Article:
Tony Leone: Well, the industry is changing and we are going to try to change with it in the sense that it is very difficult to — and not that it usually affects your resources to record full albums at the moment. If you look at many of the bands that are doing it right now, they’ll put out a single, maybe do a video or just promote that single, and stack singles on top of each other so they stay in front of their fans over the course of a year. I think that is what we are going to try and do. I love writing full albums but it’s a lot of stress and expenses. Unfortunately, that’s just not the way the market is. So I think that the goal is to record new music as soon as possible, put out a single and just get back out there.
Sleaze Roxx: Cool! So I noticed on Dirtbag Love Affair’s Facebook account, there are two dates that are prominently displayed – April 29th and April 30th. Are you going to tell me what those dates are for?
Tony Leone: [Laughs] Yeah. So we have floated out a teaser about us getting back together. When Dirtbag was around, it was more of a Myspace world so our Facebook traction is interesting but we’re going to be getting back together. One of the nastiest sleaziest rock n’ roll bands in North Carolina will be getting back together and joining us for these couple of shows. They’ve done it from, all the way to Texas – South By Southwest – to Europe. They have been around the block. I think that people are going to be excited that the whole gang will be getting back together. On the Friday night [April 29th], we will be in Asheville, North Carolina with legendary sleaze rockers Crank County Daredevils. On the Saturday night [April 30th], we are playing Charlotte, North Carolina with Rough Francis, family members of the legendary black punk band Death. We will be playing after a private screening of the film ‘Before There Was Punk, There Was A Band Called Death” and after a question and answer session with the director. Details will be on our Facebook page.
Sleaze Roxx: I also noticed for Dirtbag Love Affair’s Facebook account, it looks like the band was together from 2008 to 2011 but there’s nothing on you Facebook account! Have you removed everything from it?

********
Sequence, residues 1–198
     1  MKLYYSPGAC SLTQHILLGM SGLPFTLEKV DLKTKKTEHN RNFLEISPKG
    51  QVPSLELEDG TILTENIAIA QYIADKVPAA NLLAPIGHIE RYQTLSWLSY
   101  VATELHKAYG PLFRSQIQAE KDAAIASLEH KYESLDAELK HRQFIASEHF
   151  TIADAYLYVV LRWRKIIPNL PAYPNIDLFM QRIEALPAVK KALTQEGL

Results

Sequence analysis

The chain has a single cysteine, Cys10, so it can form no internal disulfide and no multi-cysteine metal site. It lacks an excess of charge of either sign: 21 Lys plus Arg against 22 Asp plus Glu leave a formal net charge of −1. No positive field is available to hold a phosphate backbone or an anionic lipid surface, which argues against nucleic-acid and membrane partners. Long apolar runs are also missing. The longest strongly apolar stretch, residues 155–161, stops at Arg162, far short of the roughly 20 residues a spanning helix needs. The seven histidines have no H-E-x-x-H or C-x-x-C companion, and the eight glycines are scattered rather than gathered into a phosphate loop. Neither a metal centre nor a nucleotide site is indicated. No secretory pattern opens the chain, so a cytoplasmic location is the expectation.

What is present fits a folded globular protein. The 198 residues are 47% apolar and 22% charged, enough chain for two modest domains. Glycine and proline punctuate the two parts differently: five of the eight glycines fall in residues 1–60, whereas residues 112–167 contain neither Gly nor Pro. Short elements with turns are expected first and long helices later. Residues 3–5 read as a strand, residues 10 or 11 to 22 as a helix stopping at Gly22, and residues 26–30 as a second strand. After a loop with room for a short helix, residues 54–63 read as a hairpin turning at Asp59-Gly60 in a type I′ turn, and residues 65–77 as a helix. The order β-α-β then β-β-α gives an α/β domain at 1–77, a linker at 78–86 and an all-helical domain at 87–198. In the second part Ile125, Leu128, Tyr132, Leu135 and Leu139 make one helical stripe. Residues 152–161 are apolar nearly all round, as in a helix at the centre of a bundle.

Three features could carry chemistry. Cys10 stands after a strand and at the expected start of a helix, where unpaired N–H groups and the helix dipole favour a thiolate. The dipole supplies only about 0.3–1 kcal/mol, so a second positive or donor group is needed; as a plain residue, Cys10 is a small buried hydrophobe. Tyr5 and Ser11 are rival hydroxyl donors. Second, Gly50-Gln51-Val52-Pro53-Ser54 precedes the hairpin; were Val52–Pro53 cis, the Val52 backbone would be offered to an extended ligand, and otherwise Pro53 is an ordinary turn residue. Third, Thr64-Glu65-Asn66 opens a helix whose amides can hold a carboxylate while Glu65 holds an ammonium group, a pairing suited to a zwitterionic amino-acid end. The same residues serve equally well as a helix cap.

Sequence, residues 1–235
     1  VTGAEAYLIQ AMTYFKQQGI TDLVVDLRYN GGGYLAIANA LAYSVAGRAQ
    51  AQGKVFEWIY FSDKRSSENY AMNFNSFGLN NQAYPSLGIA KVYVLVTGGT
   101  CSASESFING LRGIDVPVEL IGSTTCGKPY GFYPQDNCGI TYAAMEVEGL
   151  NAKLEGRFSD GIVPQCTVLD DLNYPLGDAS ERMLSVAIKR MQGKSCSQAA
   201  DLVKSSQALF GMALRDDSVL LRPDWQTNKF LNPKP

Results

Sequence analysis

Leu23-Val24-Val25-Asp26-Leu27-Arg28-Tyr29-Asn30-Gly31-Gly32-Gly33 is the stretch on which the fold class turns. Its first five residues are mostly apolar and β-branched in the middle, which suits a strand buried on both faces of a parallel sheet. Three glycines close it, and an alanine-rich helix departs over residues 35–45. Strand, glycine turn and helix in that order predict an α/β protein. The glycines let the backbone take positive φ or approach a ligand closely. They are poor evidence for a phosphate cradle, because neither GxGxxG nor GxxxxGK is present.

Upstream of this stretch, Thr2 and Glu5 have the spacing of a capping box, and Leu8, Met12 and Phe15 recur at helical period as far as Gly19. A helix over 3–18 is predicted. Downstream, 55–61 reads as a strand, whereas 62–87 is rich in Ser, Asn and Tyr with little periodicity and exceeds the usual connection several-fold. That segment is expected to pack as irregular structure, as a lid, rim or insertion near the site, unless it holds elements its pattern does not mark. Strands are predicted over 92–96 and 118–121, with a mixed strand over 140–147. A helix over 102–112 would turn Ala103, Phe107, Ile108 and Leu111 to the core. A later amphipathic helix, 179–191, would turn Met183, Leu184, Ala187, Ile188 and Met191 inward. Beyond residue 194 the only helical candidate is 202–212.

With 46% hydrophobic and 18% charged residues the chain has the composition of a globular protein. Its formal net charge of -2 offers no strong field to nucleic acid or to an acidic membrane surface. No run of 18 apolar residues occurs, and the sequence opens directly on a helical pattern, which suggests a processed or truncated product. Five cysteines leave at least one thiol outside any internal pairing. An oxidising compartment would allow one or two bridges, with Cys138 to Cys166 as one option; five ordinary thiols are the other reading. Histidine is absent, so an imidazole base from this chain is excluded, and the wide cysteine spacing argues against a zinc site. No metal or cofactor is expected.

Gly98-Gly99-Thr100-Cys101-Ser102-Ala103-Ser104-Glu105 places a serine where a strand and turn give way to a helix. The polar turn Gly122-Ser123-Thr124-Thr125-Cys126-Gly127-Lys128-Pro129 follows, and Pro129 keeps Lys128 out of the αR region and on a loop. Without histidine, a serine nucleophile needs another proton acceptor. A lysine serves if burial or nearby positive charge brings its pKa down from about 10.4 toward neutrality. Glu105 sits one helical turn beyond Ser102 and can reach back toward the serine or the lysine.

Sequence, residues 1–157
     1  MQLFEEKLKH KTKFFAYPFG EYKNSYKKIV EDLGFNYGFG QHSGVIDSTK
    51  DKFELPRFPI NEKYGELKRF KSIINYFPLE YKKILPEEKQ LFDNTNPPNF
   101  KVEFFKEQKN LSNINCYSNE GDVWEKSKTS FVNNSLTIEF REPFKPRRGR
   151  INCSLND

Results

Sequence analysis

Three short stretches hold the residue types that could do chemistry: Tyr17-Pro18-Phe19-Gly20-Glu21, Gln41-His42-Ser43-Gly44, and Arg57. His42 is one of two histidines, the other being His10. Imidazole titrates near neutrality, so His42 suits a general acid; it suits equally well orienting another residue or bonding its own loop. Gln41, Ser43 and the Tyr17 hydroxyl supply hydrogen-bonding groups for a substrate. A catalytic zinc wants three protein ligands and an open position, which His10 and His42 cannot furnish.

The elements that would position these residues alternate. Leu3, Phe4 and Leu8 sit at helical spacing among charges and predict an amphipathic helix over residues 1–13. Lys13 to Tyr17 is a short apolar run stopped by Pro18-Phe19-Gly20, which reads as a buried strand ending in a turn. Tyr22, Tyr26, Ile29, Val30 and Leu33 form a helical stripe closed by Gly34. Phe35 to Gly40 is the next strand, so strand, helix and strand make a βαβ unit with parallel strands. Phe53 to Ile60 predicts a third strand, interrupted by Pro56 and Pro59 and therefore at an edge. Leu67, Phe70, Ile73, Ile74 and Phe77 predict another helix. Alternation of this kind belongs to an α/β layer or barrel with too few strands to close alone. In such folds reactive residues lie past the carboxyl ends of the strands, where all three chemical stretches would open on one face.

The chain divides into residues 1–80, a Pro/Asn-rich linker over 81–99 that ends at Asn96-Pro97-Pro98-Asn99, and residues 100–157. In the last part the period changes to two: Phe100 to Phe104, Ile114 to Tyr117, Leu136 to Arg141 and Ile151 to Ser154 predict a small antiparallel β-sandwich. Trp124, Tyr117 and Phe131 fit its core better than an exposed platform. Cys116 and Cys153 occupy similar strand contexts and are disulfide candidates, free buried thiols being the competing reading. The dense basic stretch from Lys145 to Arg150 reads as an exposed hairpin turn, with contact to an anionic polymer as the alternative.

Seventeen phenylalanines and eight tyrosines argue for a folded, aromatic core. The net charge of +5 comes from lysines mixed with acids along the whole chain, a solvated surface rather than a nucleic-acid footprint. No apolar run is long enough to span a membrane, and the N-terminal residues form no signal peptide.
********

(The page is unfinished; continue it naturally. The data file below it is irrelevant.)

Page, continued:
Tony Leone: Yup! Wiped it clean!
Sleaze Roxx: [Laughs]
Tony Leone: [Laughs] In all fairness, we were actually a shit show! You could get very different versions of Dirtbag Love Affair on any given night. I mean, we were… We partied hard. Not to protect ourselves from that but this is kind of a moving forward thing. Not that we are any clearer or better, you are who you are at the end of the day but we want to try to also create some new memories. The people that were there in those dirty ass clubs hat not and us playing all over the place, those memories will always be there but it’s time to kind of try to make new ones. We don’t want to give people false ideas that we look the same as we did in 2008. We are just going to come out and do what we do best and you know, see what happens.
Sleaze Roxx: Is it still the same line-up that it was back then?
Tony Leone: It’s pretty much the last line-up consisted of Devin and Davey Dirt on bass and Scotty Padge on drums. That was the ‘Good Riddance’ line-up. We did like a little tour — a couple weeks tour just before we broke up. So that was still the touring line-up. Everybody’s in. I guess that when we got back together, we practiced a couple of times but things fell right back into place, which is kinda nice.
Sleaze Roxx: Cool! How did you guys come up with the name Dirtbag Love Affair in the first place?
Tony Leone: [Laughs] That was Devin Holiday’s baby. He had kind of come up with the name and logo. I think it came — something about a song or he heard two songs back to back. I can’t remember exactly the story but he just said, “It came to my mind — Dirtbag Love Affair.” Listen, we were that cliché — just dirty rock n’ roll. We dated strippers. We got really rowdy at shows. I mean, it was just… We lived up to the name as much as possible. When I tried out of the band, the name Dirtbag Love Affair was there. I tried to live up to it and I am pretty sure [laughs] we succeeded at it.
Sleaze Roxx: I know that you have moved on from 21st Century Goliath but looking back, what were the highlights for you when you were in that band?
Tony Leone: Well, I got a new perspective on rock and roll, on what to do and what not to do. You know, I learned a lot of the business side of it more and I hope to carry that in into Dirtbag part. You know, you can’t trade some of the experiences like being in front a sold out crowd opening for Slash, or doing the Uproar Festival. I mean, there are just some experiences that you can’t replace. I never thought that I’d be onstage and looking out at seven or eight thousand people but it happened you know, and I got Goliath to thank for that. You can’t dwell on how it ended. I definitely like to think of my time there as special. It definitely did not end the way I wanted to but the good side of that is that I think I’m back to playing rock and roll I really love.